I also know one. She is a great conversationalist and funny, but a nightmare to do anything with that requires practicality, group decisions, and punctuality. For example driving out somewhere for a walk in some trails in the park, and 10 minutes after passing the last bunch of cafes before the car park and the start of the walk (where she knows there are no amenities/places to buy food) will announce, “I didn’t really eat anything. Can we stop somewhere to buy food?” I mean, a woman in her 40’s who can’t figure out her food needs ahead of time and either eat beforehand, pack something from home, or at the very least ask to stop somewhere BEFORE we’ve passed the last of the cafes.

  • Katana January 24, 2018, 5:38 pm

    I think people like Laura are like this because people let them get away with it.

    • Zhaleh January 24, 2018, 8:02 pm

      Do you think most people are inherently inconsiderate and would display bad behaviour if they could get away with it, and good behaviour is only learned through discipline?

      There is a lot of people who believe that, are you one of them, even if I may not have worded it correctly?

      • Dee January 25, 2018, 2:41 pm

        Consequences teach people, if they are willing and able to learn. In the OP’s case, nobody let Laura have the consequences of her actions. Therefore, there was nothing for her to learn, except that others will bend themselves to accommodate her behaviour. If a person does not learn through consequences they either become dependent on others to cover for them – such as in the OP’s case – or they live a life of constant drama and problems. As a society, we are expected to help those who cannot learn from consequences and are equally responsible for not letting those who can, off the hook.

        If you can do better and you don’t then you are inconsiderate. If you can’t learn then you have a disability of some sort. It’s only through life experiences that the two are separated.

    • Ginny January 25, 2018, 3:37 am

      Yeah – dead on, there 🙂

  • kgg January 24, 2018, 7:02 pm

    OP, I feel your pain. I find myself justifying peoples’ bad behaviors towards me a lot by saying “But they’re such a good person!” I had a roommate in my graduate school for the first four months, and though she always was smiling and generally pleasant, I confused that with being a good person. She was clueless and rude: we were out to dinner once in a large group, for example, and someone mentioned a relative with schizophrenia who was on a certain medication, and my roommate said she didn’t believe in schizophrenia, and that it should be “prayed away.” And before we met, her grandfather had died of cancer. Soon after we met, my own father was diagnosed with cancer and promptly started chemotherapy (he ended up having a full recovery from the cancer though it was a bumpy road). She said, point-blank, that she believed chemotherapy didn’t work and it was just a way for oncologists to make money. Gee, thanks. I’ll just go cry in the corner now. STILL, I was nice to her, made sure she was included in group outings. It didn’t occur to me until much later that no one else liked her. I did have the foresight to NOT be her roommate EVER AGAIN. Thank goodness for that.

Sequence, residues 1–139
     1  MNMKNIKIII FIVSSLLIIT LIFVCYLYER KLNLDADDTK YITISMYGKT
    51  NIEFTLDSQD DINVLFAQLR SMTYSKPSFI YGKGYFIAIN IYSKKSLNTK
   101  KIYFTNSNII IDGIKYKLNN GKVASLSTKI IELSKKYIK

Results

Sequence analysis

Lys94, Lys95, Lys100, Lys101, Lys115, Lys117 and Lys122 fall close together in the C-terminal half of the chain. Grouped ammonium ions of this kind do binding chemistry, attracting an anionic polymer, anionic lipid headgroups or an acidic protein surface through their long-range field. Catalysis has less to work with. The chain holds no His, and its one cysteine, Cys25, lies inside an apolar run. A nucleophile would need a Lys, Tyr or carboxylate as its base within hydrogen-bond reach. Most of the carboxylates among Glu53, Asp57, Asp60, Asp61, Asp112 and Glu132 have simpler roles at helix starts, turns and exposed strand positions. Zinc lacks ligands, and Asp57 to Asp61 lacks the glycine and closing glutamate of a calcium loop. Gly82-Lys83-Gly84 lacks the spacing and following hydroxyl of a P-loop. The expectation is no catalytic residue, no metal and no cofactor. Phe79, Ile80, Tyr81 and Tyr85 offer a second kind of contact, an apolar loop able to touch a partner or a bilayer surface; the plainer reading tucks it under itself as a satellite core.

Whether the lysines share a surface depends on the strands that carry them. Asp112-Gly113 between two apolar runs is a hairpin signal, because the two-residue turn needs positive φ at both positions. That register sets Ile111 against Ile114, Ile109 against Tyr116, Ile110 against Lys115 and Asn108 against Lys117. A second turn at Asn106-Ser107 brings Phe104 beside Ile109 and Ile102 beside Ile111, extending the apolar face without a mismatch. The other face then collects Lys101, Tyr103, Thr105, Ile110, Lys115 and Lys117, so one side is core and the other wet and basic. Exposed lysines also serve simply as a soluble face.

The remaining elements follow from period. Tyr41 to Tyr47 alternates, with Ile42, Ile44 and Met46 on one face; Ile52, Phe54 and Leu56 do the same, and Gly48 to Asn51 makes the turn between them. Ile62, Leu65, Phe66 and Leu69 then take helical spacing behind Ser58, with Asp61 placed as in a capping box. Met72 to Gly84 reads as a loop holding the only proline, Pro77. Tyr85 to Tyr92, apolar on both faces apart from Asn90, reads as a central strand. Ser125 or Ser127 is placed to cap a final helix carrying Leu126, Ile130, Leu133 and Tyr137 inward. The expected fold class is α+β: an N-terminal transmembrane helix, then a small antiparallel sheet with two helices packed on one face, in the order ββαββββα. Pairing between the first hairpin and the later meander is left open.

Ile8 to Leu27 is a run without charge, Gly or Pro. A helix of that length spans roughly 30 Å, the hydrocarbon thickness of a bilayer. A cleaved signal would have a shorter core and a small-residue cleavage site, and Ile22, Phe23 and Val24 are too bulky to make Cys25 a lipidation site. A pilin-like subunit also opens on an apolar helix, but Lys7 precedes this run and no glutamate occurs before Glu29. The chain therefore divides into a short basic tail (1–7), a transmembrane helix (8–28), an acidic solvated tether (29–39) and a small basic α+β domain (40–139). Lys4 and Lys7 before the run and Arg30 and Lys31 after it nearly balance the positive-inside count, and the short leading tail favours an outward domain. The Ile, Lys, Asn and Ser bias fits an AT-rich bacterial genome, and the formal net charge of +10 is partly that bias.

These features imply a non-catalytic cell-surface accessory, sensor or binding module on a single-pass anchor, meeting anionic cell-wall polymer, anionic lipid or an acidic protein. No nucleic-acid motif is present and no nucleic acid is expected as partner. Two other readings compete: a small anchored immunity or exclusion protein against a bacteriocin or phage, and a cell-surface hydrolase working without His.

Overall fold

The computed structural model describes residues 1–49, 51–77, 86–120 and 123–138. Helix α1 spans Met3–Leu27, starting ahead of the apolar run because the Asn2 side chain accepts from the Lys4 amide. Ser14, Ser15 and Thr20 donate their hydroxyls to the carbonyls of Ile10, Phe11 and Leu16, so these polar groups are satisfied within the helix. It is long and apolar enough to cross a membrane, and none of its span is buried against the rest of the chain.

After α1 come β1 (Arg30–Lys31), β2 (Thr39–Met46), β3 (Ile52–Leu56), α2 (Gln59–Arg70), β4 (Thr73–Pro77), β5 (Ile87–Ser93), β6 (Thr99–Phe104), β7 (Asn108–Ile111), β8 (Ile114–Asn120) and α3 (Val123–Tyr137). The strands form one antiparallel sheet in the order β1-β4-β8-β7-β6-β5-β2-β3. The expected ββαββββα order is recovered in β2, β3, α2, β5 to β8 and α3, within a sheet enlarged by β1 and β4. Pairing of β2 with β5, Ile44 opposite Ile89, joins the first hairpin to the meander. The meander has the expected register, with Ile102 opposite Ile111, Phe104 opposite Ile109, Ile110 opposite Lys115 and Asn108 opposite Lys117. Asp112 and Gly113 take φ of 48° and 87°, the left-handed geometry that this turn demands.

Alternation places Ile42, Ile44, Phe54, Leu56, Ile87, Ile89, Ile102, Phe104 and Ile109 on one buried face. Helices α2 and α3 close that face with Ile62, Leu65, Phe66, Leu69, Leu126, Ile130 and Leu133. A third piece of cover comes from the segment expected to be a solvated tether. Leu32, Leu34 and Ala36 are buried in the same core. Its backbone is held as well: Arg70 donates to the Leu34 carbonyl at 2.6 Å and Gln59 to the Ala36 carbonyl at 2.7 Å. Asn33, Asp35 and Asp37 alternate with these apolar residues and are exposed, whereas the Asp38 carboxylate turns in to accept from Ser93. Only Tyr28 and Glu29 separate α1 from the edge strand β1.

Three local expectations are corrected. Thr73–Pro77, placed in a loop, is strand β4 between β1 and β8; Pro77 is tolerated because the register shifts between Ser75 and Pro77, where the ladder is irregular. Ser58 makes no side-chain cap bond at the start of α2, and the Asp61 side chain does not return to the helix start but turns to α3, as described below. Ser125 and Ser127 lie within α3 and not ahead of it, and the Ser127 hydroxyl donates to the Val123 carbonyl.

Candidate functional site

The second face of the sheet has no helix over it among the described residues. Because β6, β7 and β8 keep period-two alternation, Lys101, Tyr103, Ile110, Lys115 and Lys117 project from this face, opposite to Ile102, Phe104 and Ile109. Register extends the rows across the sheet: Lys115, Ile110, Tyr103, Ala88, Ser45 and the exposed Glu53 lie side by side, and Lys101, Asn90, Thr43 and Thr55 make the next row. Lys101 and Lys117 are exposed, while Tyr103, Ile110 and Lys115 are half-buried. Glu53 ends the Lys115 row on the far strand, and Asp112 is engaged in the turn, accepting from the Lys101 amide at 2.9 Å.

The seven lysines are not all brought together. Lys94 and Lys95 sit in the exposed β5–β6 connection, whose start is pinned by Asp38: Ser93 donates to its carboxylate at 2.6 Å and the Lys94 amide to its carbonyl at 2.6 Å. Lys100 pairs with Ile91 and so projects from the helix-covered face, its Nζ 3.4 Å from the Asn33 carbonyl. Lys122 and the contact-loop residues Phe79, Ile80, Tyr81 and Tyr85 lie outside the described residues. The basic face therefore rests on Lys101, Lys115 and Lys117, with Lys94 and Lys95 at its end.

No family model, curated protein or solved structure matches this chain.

• nora January 24, 2018, 9:50 pm

    One of my bridesmaids acted similarly in the run-up to my wedding. I had asked someone else to be my maid of honor, but the bridesmaid wanted to be matron of honor because she’s married. “Nope, M is my maid of honor. She’s already accepted.” Then she wanted her (difficult, poorly-behaved) toddler son to be my ring bearer. “We’re not going to have a ring bearer and anyway we have six nieces and nephews between us, so we’d choose among them for that role.” I gave my bridal party a very easy dress code (not quite black cocktail dresses but not far off), knowing that they all owned dresses that they could have worn already, and she threw a fit three days before the wedding, claiming that she had to buy a brand-new one and was upset at the cost. Before I bought their gifts (silver necklaces) I asked for and received written confirmation of allergies, but she decided an hour before the ceremony that she was allergic to hers and wore cheap gaudy garbage instead. All of the food at all of the parties was terrible (she said) and the servers at the reception were out to get her – everyone received identical cocktails to toast with but she said that hers tasted bad (another bridesmaid tasted it and said it was fine). I eventually realized that she’s not happy unless she’s the center of attention, and the only way she knows how to get attention is to be absolutely miserable, as loudly as possible. I’ve since written her out of my life. I have enough real stress to deal with.